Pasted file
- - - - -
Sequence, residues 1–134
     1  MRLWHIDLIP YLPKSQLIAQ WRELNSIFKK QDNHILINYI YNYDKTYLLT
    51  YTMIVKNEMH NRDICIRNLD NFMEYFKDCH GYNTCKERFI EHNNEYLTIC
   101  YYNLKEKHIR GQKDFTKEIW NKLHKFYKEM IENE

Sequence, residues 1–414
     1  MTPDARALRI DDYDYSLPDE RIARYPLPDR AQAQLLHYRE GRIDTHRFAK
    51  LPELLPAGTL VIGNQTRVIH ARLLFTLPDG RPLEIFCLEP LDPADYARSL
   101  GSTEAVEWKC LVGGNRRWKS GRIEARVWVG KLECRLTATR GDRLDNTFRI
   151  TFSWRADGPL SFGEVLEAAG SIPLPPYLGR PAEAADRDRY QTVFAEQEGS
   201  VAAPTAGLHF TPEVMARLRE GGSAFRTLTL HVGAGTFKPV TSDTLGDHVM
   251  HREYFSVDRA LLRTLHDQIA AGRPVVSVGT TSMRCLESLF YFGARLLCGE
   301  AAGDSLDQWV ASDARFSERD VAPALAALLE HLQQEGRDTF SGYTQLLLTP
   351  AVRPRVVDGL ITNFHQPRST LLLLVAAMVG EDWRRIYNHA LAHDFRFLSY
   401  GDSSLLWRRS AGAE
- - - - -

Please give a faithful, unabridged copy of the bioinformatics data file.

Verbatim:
Sequence, residues 1–134
     1  MRLWHIDLIP YLPKSQLIAQ WRELNSIFKK QDNHILINYI YNYDKTYLLT
    51  YTMIVKNEMH NRDICIRNLD NFMEYFKDCH GYNTCKERFI EHNNEYLTIC
   101  YYNLKEKHIR GQKDFTKEIW NKLHKFYKEM IENE

Sequence, residues 1–414
     1  MTPDARALRI DDYDYSLPDE RIARYPLPDR AQAQLLHYRE GRIDTHRFAK
    51  LPELLPAGTL VIGNQTRVIH ARLLFTLPDG RPLEIFCLEP LDPADYARSL
   101  GSTEAVEWKC LVGGNRRWKS GRIEARVWVG KLECRLTATR GDRLDNTFRI
   151  TFSWRADGPL SFGEVLEAAG SIPLPPYLGR PAEAADRDRY QTVFAEQEGS
   201  VAAPTAGLHF TPEVMARLRE GGSAFRTLTL HVGAGTFKPV TSDTLGDHVM
   251  HREYFSVDRA LLRTLHDQIA AGRPVVSVGT TSMRCLESLF YFGARLLCGE
   301  AAGDSLDQWV ASDARFSERD VAPALAALLE HLQQEGRDTF SGYTQLLLTP
   351  AVRPRVVDGL ITNFHQPRST LLLLVAAMVG EDWRRIYNHA LAHDFRFLSY
   401  GDSSLLWRRS AGAE